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The Signature Style of Frans Hals

The Signature Style of Frans Hals: Painting, Subjectivity, and the Market in Early Modernity

Christopher D.M. Atkins
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    The Signature Style of Frans Hals
    Book Description:

    The painters of the Dutch Golden Age have a reputation for favoring a dark, serious aesthetic and subdued, everyday scenes over the bravado of their Catholic counterparts. But in fact, Dutch paintings of this period often contain witty visual puns and a fierce vibrancy in their choice of color and subjects. No one more exemplifies this lushness and vividness more than Frans Hals.

    This richly illustrated volume considers Hals's lively brush strokes and distinctive handling of paint within the context of Dutch Golden Age painting as a whole, and itprovides powerful insight into his influence during his own time and for generations afterward. Christopher D. M. Atkins looks at the world in which Hals lived, mining the Dutch economy, as well as Hals's relationships with clients, pupils, and assistants, in order to gain a fuller grasp of the evolution of Hals's instantly recognizable style. A thoughtful study of the commercial and artistic concerns that shaped Hals's work, this book reflects on ideas of authorship, consumption, and subjectivity in early modern Europe. Combining smart historical analysis and a deep understanding of Dutch consumer culture with a strong sense of Hals as an artist,The Signature Style of Frans Halsoffers a wholly new understanding of both the painter and his world.

    With discussions of two of Hals's most famous paintings,The Laughing CavalierandThe Gypsy Girl, this book is required reading for scholars of economic history, art historians, and anyone interested in gaining a deeper insight into life and times of this Dutch master.

    eISBN: 978-90-485-1459-5
    Subjects: Art & Art History

Table of Contents

    (pp. 9-22)

    Two formative experiences I had with paintings by Frans Hals inspired and shaped this project. In my first semester of graduate school I stood before the portrait of Claes Duyst van Voorhout (fig. 92) in the Metropolitan Museum of Art. There, I confronted the image of a robust Dutch burgher who seemed to be brimming with confidence and vitality. Rather than poring over costume details or paraphernalia, though, I was struck by an overriding sense of technical brilliance in the execution. I marveled at the painter’s graceful touches of the brush – short jabs at the elbow, broad sweeps at...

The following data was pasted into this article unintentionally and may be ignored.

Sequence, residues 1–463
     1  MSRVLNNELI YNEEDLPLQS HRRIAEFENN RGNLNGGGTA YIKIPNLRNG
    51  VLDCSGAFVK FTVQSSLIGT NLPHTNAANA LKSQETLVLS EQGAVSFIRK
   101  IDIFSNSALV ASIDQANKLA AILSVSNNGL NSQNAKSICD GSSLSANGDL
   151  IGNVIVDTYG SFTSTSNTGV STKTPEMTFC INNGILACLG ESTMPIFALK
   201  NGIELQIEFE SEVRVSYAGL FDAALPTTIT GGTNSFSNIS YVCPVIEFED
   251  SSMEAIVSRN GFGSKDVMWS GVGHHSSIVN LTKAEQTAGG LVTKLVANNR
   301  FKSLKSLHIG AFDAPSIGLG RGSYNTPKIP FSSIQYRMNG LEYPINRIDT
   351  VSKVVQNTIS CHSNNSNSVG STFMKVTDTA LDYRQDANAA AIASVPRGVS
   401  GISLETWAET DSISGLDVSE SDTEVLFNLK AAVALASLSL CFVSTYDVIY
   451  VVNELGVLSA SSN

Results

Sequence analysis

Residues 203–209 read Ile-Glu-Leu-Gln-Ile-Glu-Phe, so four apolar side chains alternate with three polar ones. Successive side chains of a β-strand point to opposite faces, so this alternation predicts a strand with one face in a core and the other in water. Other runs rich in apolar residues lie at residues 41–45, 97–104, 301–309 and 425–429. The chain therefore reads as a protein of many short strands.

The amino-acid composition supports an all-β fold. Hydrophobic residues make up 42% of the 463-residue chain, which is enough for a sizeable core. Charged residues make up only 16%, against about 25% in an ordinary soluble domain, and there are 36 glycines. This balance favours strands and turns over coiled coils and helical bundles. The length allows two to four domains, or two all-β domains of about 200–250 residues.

(pp. 23-84)

    Schrevelius’s brief characterization indicates that Hals’s contemporaries found his manner of painting lively and unique.² As naturalism in its various forms was the dominant mode of representation in the Dutch Republic in the seventeenth century, praise for an artist’s ability to create a “living image” was a standard trope for many writers, but Schrevelius’s description differs from common literary adulation by addressing both the effect of vitality that Hals was able to achieve and the means by which he crafted it.³ Indeed, with Schrevelius’s words in mind, we see more readily how different Hals’s vivacity was from that of both...

    (pp. 85-114)

    Frans Hals’s latePortrait of a Manin the Museé Jacquemart-André (fig. 61) displays the artist’s bold mastery of his materials. Half-cloaked in shadow, the man’s broad features and ruddy complexion demand the viewer’s attention. Upon closer inspection, one notices that Hals conveyed the play of light across the sitter’s face through a series of unblended daubs of unmodulated color. For the sitter’s left cheek, for example, he applied a pinkish flesh tone atop a red ground without smoothing out the perimeter of the bristles’ reach and crowned the crest of the cheekbone with a dab of pure white. Elsewhere,...

    (pp. 115-158)

    As Michael Baxandall has articulated, the economic environment within which both artists and their art operate affects the artists’ goals and their strategies for accomplishing those goals.¹ Assuming purposefulness as Baxandall does, economic realities and actual mechanisms of exchange directly impact artists’ intentions, motivations, and actions, as each painter decides how to meet the charge presented by the market. As a result, analyses of the market and a painter’s interactions with it are central to understanding the artist, his or her process, and the resulting artwork. To date, numerous studies have mapped features of the art markets and economic environment...

    (pp. 159-192)

    Although Hals’s method was distinctive and operated as a signature style, numerous non-autograph paintings were executed in a Halsian manner, including many that are likely to have been produced in his lifetime. Over time, scholars have expunged these Halsian works from the number of autograph paintings in an effort to define Hals’s oeuvre. Pictures have been considered in black-and-white terms as either by Hals or not, or in Mau van Dantzig’s terms as either “true” or “false.”¹ The Rembrandt Research Project (RRP), whose task was to define the corpus of Rembrandt’s paintings, began under similar assumptions, but it has found...

    (pp. 193-238)

    Though his fame has fluctuated with changing tastes, nearly every posthumous response to Frans Hals and his paintings belongs to discourses on modernity in art. Most explicitly, a Belgian art journal proclaimed in 1883, “Frans Hals c’est un moderne.”¹ While Frances Suzman Jowell has studied the revival of interest in Hals in the second half of the nineteenth century, particularly Theophile Thoré-Bürger’s role in inspiring this resurrection, the continued characterization of Hals’s art as modern from the eighteenth century to the present has thus far not been examined.² The multifaceted features of Hals’s manner – roughness, sketchiness, liveliness, seeming spontaneity,...